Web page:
Rocked by a power struggle between its two founders, the Bitmain Technologies feud has gone public in a big way, Yicai Global reported.
Zhan Ketuan, co-founder and ousted chairman, who was instrumental in shifting the bitcoin mining gear maker toward AI, said in an open letter to employees on Jan. 6 that he is “firmly opposed” to the cuts, calling it akin to “committing suicide.”
Bitmain has initiated huge layoffs, mainly in its artificial intelligence division, with some local reports suggesting that half of the Beijing-based firm’s employees will be let go, the report said.
Privately owned Bitmain officially started reducing its headcount on Jan. 6, but the cull actually began when co-founder Wu Jihan dramatically returned to the company last October, an employee who just resigned from the firm told Yicai Global, adding that workers have been gradually laid off since December.
Wu had left Bitmain to start a new business at the beginning of last year, but returned to remove Zhan from all his roles at Bitmain, the report said.
The company said the job losses are a response to the impact of bitcoin production halving in May. Production is expected to halve every four years, according to the designs of bitcoin inventor Satoshi Nakamoto, the report said.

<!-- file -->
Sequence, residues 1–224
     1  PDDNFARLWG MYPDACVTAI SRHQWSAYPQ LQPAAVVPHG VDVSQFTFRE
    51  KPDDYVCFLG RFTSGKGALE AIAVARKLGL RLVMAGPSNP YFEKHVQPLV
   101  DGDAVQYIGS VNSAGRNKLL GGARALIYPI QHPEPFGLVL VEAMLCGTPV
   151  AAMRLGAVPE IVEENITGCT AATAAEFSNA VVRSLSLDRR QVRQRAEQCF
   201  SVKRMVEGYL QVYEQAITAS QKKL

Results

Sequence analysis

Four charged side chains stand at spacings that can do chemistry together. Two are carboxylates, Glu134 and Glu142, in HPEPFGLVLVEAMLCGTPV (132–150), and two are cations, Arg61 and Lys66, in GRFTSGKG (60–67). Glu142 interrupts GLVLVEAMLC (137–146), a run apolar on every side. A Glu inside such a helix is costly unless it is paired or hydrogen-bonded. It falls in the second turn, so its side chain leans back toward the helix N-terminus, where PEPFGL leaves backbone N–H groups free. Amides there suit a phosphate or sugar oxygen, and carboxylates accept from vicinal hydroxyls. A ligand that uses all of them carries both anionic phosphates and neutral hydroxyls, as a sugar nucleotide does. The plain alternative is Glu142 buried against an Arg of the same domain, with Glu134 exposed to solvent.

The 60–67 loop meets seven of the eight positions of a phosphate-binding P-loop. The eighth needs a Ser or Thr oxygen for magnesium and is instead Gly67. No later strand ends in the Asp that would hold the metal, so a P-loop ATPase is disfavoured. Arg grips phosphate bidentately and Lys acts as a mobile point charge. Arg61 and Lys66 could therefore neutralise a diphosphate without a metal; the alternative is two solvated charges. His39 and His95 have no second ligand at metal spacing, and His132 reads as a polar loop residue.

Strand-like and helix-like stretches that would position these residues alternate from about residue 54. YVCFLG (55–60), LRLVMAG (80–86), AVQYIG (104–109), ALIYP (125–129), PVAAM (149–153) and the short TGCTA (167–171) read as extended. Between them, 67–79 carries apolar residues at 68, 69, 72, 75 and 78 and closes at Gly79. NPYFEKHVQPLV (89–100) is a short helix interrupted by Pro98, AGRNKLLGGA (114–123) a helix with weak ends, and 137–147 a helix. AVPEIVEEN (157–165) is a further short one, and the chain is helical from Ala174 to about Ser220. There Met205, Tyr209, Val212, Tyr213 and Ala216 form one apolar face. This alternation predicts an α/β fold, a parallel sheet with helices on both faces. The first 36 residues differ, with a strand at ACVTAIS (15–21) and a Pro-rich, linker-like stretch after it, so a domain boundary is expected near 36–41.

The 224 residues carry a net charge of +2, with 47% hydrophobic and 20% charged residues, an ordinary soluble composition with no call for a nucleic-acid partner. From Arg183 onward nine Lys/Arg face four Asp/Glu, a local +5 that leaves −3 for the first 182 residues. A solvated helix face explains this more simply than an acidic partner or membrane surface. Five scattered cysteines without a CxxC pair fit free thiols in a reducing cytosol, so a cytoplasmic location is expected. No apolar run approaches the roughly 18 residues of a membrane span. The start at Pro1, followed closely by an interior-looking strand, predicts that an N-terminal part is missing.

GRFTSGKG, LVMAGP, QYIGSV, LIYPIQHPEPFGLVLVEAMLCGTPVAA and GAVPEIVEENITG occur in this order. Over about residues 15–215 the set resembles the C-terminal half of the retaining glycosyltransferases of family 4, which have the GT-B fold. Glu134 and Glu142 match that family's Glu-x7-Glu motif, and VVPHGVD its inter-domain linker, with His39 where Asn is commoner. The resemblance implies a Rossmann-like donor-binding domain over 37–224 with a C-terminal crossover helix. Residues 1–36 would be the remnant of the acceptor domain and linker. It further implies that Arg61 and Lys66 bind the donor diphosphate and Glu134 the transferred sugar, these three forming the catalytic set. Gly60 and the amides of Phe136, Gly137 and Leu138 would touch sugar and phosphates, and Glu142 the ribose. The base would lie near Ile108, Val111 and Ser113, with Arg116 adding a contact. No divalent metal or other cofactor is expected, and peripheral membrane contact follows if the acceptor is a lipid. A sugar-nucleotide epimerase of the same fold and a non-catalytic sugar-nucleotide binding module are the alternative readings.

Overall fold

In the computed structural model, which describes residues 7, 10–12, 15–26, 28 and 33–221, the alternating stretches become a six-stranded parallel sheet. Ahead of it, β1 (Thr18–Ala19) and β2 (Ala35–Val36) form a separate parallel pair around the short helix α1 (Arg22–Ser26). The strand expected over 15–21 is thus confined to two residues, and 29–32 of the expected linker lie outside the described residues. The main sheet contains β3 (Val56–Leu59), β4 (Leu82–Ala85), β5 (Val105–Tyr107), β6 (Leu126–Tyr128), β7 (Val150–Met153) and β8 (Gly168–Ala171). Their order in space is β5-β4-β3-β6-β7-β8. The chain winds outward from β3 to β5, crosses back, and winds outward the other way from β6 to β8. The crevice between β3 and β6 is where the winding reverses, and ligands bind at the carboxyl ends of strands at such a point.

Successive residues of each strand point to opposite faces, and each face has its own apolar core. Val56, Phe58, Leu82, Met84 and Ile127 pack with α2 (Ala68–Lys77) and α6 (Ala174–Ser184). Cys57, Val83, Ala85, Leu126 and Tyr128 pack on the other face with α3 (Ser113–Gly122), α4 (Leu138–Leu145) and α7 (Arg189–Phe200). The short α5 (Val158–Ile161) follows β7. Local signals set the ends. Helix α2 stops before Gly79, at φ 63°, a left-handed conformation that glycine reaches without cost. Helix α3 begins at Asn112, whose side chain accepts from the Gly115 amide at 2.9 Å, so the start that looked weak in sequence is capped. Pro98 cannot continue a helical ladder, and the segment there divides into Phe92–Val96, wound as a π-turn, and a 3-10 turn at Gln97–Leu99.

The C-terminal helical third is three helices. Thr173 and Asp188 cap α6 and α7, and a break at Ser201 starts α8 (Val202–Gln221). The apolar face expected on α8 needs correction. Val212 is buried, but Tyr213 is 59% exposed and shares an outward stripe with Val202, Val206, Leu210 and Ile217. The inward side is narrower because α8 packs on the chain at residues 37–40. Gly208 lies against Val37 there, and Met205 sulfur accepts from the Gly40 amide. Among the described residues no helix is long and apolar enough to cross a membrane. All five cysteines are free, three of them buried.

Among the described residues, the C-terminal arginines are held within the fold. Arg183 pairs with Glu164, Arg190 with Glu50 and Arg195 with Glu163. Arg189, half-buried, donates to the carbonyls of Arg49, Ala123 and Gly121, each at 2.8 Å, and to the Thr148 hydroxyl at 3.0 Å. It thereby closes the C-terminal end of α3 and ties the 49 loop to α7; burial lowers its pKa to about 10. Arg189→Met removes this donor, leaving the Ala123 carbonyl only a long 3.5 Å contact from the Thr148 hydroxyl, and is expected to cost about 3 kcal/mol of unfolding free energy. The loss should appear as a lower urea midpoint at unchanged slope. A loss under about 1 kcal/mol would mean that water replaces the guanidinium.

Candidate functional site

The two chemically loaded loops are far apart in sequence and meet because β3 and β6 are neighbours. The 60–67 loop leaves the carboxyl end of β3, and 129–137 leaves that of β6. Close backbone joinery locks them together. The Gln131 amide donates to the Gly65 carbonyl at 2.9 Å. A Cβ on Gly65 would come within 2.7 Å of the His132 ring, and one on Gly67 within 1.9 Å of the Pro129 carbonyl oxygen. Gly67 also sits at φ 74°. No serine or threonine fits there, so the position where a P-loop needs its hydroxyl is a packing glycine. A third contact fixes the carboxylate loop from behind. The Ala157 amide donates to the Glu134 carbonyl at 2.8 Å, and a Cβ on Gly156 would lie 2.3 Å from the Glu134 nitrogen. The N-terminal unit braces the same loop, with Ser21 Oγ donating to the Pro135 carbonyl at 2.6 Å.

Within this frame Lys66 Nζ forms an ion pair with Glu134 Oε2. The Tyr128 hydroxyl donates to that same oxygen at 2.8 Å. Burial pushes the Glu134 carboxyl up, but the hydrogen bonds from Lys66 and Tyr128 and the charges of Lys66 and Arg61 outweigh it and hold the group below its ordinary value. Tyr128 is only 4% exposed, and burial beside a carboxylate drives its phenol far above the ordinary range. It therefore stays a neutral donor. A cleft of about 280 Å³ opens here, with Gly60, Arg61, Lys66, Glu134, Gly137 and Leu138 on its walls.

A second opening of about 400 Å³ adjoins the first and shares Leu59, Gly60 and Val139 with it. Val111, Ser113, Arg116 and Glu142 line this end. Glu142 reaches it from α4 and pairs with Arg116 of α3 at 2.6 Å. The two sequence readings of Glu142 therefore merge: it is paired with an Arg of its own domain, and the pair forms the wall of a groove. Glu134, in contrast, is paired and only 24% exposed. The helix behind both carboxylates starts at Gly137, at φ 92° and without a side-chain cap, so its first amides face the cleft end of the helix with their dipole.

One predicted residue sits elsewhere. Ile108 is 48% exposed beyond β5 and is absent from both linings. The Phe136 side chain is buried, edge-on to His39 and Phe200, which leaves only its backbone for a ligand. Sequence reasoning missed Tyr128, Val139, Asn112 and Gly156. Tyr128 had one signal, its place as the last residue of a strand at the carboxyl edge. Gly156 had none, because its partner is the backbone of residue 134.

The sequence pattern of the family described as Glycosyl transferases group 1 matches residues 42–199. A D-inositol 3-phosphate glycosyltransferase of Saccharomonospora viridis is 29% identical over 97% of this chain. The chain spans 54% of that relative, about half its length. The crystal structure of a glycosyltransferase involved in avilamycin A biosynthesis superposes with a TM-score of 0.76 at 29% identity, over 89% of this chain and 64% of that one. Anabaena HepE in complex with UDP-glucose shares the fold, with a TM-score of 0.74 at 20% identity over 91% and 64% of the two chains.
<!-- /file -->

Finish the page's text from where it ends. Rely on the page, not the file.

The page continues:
The layoffs are “more about eliminating opponents and those who are not on his [Wu’s] side, including employees that are not willing to take sides,” the former staffer said.
He added that Bitmain still has considerable profit and that, in the event of any earnings difficulties, its capital and asset reserves make the annual US$70 million payroll fully affordable.
Wu and Zhan founded Bitmain in 2013, and the firm has gradually grown into China’s largest maker of bitcoin miners. The pair served as co-chairmen, but in the second half of 2018 they bitterly disagreed over Bitmain’s future direction, with Wu paying more attention to the digital currency sector and Zhan seeking to focus on the development of chips and AI.